In January, police in the Swedish capital stopped 716 people to perform an "internal border control", but only 42 people proved to be in the county without residency rights, the Metro newspaper reported.
Statistics for the months of December and February are characterized by a similar margin of error of around 90 percent.
"That's a high margin of error," Sören Clerton, head of the border control division of Sweden' National Bureau of Investigation (Rikskriminalpolisen, NBI) told the newspaper.
"That's a figure that should be as low as possible."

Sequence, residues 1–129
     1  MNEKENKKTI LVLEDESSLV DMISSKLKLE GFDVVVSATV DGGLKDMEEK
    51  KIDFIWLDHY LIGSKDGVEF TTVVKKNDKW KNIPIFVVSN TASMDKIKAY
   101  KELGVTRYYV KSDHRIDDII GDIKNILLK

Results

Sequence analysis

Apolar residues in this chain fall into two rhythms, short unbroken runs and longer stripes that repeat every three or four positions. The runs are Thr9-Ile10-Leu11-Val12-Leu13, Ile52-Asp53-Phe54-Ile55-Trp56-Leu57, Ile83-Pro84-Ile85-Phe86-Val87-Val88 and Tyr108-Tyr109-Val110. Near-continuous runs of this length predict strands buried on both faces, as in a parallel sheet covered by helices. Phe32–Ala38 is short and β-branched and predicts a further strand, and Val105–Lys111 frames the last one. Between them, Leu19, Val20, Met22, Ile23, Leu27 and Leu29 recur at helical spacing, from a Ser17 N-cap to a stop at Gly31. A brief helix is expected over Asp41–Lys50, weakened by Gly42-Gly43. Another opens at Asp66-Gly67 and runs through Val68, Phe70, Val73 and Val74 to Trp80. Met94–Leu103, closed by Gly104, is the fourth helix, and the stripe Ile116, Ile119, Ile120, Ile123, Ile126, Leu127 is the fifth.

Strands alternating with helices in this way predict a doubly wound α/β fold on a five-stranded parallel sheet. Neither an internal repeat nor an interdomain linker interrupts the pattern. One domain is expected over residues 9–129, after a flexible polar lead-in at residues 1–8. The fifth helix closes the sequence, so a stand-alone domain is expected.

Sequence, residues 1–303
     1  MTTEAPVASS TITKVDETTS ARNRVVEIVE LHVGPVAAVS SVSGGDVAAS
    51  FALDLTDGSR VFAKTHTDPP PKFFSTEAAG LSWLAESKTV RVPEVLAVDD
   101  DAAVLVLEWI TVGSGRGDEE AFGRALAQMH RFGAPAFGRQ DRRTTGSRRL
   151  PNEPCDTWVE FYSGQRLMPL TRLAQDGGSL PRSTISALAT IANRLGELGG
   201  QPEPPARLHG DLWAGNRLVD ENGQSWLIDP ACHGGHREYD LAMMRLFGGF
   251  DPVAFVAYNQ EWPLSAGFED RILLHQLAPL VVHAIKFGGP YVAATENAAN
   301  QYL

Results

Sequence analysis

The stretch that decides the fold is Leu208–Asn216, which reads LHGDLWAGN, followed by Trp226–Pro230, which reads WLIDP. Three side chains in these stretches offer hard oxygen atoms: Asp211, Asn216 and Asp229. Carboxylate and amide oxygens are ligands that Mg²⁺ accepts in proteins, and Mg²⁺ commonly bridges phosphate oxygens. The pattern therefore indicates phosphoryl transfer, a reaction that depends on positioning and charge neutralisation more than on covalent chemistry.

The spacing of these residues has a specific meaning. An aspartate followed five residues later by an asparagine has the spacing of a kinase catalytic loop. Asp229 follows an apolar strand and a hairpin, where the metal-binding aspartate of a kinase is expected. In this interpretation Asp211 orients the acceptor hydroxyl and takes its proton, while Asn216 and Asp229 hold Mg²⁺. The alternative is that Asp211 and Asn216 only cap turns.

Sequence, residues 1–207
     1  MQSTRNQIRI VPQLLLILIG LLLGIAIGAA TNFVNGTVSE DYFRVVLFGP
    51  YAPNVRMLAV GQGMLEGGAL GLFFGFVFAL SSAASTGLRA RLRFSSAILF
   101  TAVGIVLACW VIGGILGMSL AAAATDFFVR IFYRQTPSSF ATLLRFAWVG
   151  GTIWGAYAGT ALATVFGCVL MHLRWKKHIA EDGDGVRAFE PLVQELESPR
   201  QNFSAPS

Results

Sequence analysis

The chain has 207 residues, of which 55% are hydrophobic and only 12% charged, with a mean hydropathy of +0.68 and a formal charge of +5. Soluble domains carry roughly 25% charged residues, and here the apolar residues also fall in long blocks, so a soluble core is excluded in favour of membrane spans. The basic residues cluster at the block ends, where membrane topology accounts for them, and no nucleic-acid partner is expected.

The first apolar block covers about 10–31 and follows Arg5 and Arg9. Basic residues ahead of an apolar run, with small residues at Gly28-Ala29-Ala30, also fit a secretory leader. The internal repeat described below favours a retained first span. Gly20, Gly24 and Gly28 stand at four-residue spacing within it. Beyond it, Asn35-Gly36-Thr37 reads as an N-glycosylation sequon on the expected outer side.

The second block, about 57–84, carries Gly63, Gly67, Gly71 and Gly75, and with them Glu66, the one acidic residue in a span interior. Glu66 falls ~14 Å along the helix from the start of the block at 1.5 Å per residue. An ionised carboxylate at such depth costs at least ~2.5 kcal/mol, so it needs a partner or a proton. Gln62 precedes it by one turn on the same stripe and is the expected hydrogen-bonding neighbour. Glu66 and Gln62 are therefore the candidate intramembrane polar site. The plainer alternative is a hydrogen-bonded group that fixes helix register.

Clerton admitted it was impossible for police to guarantee that no one be stopped because of their appearance or language. He promised that police would review their procedures to see if there was anything wrong with their methods.
Simon Andersson, a PhD candidate in legal procedure, criticized the police's high margin of error.
"You need a very strong reason to believe someone doesn't have the right to be here," he told Metro
"The Swedish people don't want people stopped for looking foreign, and it's very strange to use another pretence, like fare-skipping, to stop people."